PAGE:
Although the traditional climbing season on Mont Blanc is in the summer months this is being extended into autumn and winter for the experienced alpinist hunting for primo ice and mixed conditions, particularly in a world where warmer temperatures make summer ascents of some routes impractical. This season extension is greatly helped by the lightweight gear, warmer boots and lighter, warmer clothing available to today’s Alpinists, no doubt aided by the instant condition reports available online and the impressive fitness levels of leading climbers!
An ascent of Mont Blanc by any route is never to be taken for granted with rapid weather changes possible at any time and the altitude always a risk for the un-acclimatised. For most an ascent is best planned for the second week of an alpine trip when sufficient fitness and acclimatisation has been gained to make the climbing safe and enjoyable. With autumn and winter soon upon us now is the time to start dreaming, to set goals and make plans for next summer, and with Mont Blanc, by whatever the route, you will not be disappointed.[caption id="attachment_27100" align="aligncenter" width="900"] Vallée Blanche in Chamonix, circa 1985. Photo credit: Neil McAdie.[/caption]
Mont Blanc Mountain Memories
Mont Blanc can mean so many different things to different people. Some ski up it, some fly down it, for some it’s a charity climb or a tick on a list of 4000m peaks. For others it’s an awe inspiring view from a cable car, an inaccessible chaos of tumbling glaciers. For Alpinists it is home to some of the finest and most committing climbs in Europe, and for me it was the inspiration that drove my progression up through the classic climbs that celebrate the grandeur of the Italian face of the mountain.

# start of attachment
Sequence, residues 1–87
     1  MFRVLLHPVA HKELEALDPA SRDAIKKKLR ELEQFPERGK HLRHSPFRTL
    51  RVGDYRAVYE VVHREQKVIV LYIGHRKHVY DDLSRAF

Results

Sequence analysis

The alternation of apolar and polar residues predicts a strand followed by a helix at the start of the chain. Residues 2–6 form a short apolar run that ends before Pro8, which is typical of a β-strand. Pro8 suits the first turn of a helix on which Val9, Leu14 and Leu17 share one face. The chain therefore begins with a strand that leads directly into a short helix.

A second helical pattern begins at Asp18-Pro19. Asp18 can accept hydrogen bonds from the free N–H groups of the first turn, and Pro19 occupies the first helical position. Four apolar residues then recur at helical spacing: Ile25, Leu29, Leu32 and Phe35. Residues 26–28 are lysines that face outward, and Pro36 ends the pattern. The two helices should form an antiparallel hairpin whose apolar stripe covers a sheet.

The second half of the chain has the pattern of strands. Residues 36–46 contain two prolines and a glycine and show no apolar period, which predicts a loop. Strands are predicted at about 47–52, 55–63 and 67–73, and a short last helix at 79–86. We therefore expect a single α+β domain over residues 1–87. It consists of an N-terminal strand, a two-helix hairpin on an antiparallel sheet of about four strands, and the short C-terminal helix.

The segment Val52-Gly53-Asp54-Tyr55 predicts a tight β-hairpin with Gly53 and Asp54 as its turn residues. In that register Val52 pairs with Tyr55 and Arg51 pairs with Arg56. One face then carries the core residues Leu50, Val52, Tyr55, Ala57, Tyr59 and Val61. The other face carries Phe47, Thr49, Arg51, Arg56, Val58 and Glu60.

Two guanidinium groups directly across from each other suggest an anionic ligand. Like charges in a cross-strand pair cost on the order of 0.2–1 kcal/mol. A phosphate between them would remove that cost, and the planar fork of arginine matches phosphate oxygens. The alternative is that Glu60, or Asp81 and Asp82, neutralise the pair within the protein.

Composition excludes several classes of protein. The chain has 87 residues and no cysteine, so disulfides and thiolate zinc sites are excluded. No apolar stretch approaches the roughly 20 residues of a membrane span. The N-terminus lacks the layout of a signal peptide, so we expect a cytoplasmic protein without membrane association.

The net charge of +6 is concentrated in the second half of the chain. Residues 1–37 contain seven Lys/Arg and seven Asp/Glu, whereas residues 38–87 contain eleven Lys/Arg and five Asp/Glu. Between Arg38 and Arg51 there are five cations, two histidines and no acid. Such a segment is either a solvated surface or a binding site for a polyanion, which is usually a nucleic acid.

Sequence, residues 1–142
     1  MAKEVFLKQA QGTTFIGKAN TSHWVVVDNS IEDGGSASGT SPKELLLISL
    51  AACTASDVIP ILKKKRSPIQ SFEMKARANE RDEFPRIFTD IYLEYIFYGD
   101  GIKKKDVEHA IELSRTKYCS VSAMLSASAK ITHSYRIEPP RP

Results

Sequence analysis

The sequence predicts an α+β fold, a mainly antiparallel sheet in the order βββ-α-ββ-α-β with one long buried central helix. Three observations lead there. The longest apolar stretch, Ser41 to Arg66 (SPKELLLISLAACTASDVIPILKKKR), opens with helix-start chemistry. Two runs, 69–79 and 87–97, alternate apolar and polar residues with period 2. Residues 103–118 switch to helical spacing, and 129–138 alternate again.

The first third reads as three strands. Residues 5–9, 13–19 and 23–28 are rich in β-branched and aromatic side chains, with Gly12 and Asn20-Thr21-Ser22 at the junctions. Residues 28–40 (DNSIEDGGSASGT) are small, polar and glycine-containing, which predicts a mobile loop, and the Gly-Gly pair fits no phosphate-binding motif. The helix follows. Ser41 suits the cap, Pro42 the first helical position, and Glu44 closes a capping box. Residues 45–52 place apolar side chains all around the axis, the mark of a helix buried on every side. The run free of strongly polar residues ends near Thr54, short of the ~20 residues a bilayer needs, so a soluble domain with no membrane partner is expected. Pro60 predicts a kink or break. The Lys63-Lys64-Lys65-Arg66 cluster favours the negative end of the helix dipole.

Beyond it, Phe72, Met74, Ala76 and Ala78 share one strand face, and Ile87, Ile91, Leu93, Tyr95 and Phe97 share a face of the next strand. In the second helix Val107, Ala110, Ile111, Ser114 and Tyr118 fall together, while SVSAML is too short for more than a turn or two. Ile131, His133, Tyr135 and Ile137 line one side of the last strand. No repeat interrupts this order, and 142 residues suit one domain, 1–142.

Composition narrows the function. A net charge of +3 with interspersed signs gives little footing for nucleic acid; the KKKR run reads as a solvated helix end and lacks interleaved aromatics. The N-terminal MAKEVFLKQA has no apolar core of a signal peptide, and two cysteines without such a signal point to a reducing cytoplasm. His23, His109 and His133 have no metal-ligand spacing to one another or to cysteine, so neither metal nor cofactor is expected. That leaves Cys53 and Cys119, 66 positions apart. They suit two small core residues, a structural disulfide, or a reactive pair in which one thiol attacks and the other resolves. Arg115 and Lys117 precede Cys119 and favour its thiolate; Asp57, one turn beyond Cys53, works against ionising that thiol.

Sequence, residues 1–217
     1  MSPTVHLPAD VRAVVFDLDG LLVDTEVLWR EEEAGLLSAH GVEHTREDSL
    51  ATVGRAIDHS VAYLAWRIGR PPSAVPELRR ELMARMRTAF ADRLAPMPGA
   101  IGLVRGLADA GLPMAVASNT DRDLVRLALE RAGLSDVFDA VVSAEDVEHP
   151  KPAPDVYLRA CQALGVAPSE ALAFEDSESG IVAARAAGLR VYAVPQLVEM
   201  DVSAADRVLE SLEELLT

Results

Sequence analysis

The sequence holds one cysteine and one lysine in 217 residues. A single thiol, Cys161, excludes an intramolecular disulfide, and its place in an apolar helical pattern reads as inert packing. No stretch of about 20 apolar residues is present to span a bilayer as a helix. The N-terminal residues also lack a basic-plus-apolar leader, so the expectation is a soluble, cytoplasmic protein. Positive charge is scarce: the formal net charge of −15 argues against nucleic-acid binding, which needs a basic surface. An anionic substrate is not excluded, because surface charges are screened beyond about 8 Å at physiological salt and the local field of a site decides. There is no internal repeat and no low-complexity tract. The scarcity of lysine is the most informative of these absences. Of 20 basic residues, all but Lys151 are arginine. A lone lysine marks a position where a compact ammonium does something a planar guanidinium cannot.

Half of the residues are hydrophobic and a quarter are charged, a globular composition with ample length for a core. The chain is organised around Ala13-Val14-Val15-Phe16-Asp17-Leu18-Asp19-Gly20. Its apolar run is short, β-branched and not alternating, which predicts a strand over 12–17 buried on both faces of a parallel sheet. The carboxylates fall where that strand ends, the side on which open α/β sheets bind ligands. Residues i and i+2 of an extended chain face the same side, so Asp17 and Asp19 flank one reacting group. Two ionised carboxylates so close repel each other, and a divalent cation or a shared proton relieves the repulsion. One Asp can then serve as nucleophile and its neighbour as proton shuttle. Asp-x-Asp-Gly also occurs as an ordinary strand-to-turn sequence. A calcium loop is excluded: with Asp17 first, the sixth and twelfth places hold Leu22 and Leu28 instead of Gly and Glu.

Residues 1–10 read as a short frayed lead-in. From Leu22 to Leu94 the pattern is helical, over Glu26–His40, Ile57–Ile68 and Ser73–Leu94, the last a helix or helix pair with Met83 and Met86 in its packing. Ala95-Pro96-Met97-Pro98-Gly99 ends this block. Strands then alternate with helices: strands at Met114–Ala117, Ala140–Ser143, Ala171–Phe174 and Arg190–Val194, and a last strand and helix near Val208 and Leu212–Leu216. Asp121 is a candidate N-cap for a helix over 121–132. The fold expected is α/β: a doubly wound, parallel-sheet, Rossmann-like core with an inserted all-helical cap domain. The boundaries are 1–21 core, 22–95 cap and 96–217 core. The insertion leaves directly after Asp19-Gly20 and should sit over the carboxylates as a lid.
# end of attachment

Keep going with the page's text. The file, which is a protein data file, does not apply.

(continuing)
As an 18 year old, fresh out of school and with an even younger climbing partner, we cut our teeth in the hazardous world of Alpine climbing on some of the accessible classics in the Mont Blanc range until after 2 weeks in the mountains we were drawn to Mont Blanc itself. With youthful confidence we shunned the normal route and opted, in all ignorance, for the Brenva Spur. After leaving the Col de la Fourche bivi at midnight we emerged some time after dawn at the top of the route having learnt the hard way about glacial navigation, moving together up bullet hard exposed ice slopes, danger from collapsing seracs and the difficulty of climbing one footed and one armed after having lost a crampon and broken an inadequate axe. We also learnt about silence, commitment and the beauty of an Alpine dawn from 4,500m, and the calling to spend the next 20 years or so dedicated to the mountains was confirmed.
Following this early adventure I returned to Mont Blanc every year through the early 1980’s unable to resist the lure of the harder climbs on the Brenva face, the Grand Pilier d’Angle and the Freney. You need some luck to have stable conditions, the right partner with a shared goal and a couple of weeks of acclimatisation gaining climbs behind you to make these adventures feel fast and safe. The Route Major was an early climb that helped build my confidence and knowledge of the complex approaches to aid future ascents. Further left on the Grand Pilier d’angle the steep looking ice gully classics of the Cecchinel-Nomine and the Boivin-Vallencant provided spicy adventures for the following two summers, pirouetting on front points for thousands of feet after lung busting approaches through serac threatened bowling alleys in the dead of night. This was truly a different world that lifted you out of the mundane and the ordinary; and I loved it.[caption id="attachment_27101" align="aligncenter" width="900"] Neil and Roy in the Col de la Fourche Bivi Hut, circa 1984. Photo credit: Neil McAdie archive.[/caption] [caption id="attachment_27104" align="aligncenter" width="900"] Left: Neil solo climbing at night on the Route Major, on the Brenva Face of Mont Blanc. Photo credit: Neil McAdie archive. Right: Grand Pilier d’Angle, viewed from the Col de la Fourche Bivi. Photo credit: Neil McAdie.[/caption]